Respiration occurs in different ways in different animals
(i) The tiny aquatic animals like Amoeba, Hydra, etc., respire through the body surface. This is called body surface respiration.
(ii) Larger aquatic animals have special organs called gills for respiration. This is called branchial respiration, eg., In prawns, fishes and mussels.
(iii) The land animals respire through lungs. This is called pulmonary respiration. It occurs in frogs, snails, lizards, birds and mammals.
(iv) Insects have tracheal respiration, which occurs through trachea i.e. an intercommunicating tubes through which gas exchange occurs.
(v) In animals like earthworm, leech, frogs etc., moist skin acts as respiratory surface. This is called cutaneous respiration.
(vi) Scorpions have book lungs and king crabs have book gills for respiration.
(vii) In frog, gas exchange also occurs through the lining of buccopharyngeal cavity. Hence, called buccopharyngeal respiration.
Frogs have three modes of respiration, i. e., Cutaneous, buccopharyngeal and pulmonary.
5. Circulatory System
The circulatory system is responsible for the transport of materials in the body. It consists of a fluid (called blood) blood vessels and a heart.
The circulatory system is closed when blood flows within the blood vessels.
If blood flows in spaces, and the sinuses are without proper boundries, the circulatory system is called open. In insects such as prawn and Pila, blood is colourless that contains haemocyanin (a copper containing pigment) while, in vertebrates, blood contains haemoglobin (an iron-containing pigment).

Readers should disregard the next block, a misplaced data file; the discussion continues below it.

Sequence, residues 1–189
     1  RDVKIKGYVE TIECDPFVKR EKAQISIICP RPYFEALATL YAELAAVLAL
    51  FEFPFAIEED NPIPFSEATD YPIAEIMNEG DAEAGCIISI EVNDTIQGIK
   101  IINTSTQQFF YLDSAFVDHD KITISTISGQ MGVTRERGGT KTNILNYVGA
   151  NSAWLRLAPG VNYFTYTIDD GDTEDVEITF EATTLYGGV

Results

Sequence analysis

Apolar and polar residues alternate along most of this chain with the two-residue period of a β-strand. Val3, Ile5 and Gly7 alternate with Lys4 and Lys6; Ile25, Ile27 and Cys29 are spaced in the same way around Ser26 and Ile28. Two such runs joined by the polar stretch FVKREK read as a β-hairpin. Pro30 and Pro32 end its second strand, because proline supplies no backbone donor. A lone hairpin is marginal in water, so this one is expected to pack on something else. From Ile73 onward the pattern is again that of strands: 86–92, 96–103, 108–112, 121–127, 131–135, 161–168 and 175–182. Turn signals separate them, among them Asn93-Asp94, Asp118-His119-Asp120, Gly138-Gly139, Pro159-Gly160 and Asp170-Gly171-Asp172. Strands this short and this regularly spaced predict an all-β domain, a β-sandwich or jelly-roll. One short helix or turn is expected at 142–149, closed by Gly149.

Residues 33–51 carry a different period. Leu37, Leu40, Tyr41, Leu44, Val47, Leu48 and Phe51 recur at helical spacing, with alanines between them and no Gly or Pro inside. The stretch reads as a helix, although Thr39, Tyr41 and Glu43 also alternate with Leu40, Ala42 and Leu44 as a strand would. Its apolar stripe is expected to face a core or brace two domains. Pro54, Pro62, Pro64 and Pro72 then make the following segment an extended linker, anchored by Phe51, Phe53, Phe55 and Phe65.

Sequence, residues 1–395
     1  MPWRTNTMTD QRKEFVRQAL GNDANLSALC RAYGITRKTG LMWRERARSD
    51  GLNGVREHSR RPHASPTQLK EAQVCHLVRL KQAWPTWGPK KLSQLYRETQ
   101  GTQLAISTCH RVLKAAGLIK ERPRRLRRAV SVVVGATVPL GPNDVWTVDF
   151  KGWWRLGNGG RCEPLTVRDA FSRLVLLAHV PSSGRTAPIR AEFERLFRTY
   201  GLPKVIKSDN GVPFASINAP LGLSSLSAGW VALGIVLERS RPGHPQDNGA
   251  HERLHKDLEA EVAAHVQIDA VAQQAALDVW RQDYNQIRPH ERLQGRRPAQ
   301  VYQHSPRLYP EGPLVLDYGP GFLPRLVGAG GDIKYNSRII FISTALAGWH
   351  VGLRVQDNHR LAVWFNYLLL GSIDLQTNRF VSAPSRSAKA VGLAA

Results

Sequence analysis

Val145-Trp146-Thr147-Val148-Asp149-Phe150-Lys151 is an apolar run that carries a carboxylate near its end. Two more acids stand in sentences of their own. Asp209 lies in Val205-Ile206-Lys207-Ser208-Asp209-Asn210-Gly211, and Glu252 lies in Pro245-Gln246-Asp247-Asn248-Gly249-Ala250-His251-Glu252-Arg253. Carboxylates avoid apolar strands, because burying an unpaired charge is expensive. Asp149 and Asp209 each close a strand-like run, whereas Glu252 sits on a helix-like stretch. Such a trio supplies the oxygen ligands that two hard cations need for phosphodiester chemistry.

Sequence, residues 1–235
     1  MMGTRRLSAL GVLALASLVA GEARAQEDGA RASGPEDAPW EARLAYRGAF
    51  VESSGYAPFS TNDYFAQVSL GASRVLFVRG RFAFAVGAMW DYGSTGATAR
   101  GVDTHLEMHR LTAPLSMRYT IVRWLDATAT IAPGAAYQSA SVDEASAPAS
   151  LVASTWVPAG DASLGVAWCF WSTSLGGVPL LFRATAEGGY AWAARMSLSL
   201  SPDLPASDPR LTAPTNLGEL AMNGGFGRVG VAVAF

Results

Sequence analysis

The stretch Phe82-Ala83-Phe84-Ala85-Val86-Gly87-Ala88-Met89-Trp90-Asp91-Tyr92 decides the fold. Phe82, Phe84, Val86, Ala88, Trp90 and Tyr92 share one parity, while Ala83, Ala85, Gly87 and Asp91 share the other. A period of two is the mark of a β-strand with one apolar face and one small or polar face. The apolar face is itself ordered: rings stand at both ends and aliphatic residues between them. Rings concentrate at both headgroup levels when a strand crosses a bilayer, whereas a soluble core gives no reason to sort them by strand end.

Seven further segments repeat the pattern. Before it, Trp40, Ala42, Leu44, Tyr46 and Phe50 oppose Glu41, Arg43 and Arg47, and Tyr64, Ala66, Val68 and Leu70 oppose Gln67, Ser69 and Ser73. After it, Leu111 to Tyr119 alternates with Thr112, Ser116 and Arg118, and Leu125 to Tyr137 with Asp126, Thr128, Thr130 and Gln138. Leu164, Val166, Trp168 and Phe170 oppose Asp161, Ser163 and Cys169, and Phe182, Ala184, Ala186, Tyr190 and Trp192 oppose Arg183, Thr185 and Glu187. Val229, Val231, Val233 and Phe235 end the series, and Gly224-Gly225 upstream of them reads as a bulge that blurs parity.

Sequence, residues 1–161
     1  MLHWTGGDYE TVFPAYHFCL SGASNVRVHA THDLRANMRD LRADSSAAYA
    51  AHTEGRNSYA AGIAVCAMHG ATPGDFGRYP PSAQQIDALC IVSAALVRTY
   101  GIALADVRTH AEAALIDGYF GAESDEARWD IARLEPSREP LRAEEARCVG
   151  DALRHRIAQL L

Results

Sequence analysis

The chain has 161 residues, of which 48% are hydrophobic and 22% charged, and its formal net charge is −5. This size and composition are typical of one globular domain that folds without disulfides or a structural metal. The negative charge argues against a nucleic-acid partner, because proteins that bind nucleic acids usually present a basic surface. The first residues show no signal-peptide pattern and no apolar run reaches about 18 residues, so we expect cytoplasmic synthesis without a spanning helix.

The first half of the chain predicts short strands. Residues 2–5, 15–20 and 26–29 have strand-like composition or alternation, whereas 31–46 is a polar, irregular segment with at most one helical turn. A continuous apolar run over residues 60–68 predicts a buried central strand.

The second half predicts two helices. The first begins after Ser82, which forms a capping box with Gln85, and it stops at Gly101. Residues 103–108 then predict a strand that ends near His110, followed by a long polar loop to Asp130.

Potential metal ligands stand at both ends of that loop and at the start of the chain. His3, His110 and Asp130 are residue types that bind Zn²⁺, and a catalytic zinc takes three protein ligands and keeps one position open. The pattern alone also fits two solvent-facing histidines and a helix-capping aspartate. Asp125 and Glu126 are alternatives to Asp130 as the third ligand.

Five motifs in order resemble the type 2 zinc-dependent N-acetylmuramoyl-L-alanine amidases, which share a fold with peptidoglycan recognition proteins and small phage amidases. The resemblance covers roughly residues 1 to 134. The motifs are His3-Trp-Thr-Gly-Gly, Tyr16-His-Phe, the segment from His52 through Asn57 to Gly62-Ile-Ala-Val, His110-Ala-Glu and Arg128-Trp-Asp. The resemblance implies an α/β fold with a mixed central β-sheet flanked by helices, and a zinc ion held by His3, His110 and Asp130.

6. Excretory System
Excretory system is involved in the removal of nitrogenous waste products from the body of an organism with the help of excretory organs.
The excretion occurs in different ways in different organisms. Such as
(i) The excretory organs are absent in those organisms where organisation level is below the tissue level. Here, each individual cell takes part in excretion.
(ii) In animals like sponges, coelenterates, all the cells are in contact with water. Excretion occur by general body surface.
(iii) In vertebrates, kidneys are the excretory organs. Based on excretory products animals can be classified into four categories as given below
(i) Aminotelic, excretory product is amino acids, e.g., Starfish, Unio,’etc.
(ii) Ammonotelic, excretory product is ammonia, e.g, most invertebrates and some molluscs.
(iii) Ureotelic, excretory product is urea, e.g., Cartilaginous fishes, snail, prawn, mammals and aquatic reptiles.
(iv) Uricotelic, excretory product is uric acid, e.g, Insects, terrestrial crustaceans, lizards, snakes, birds etc.
7. Nervous System
The nervous system is the aggregation of nerve cells that help in coordinating and controlling various activities of the body.
8. Endocrine System
The endocrine glands are also called ductless glands. These secrete hormones. Endocrine glands occur in all vertebrates and in some invertebrates (like insects).
9. Sensory System
This system consists of specialised cells, tissues and organs which can pick up a stimulus and transmit the same to the nervous system.
Sensory system consists of different structures in different organisms, e.g., Antennal (tactile and smell), tentacles (tactile), skin (tactile), statocyst (balancing), ear (hearing), olfactory epithelium (smell), taste buds (taste), eyes (vision), lateral line organs (current receptors), etc.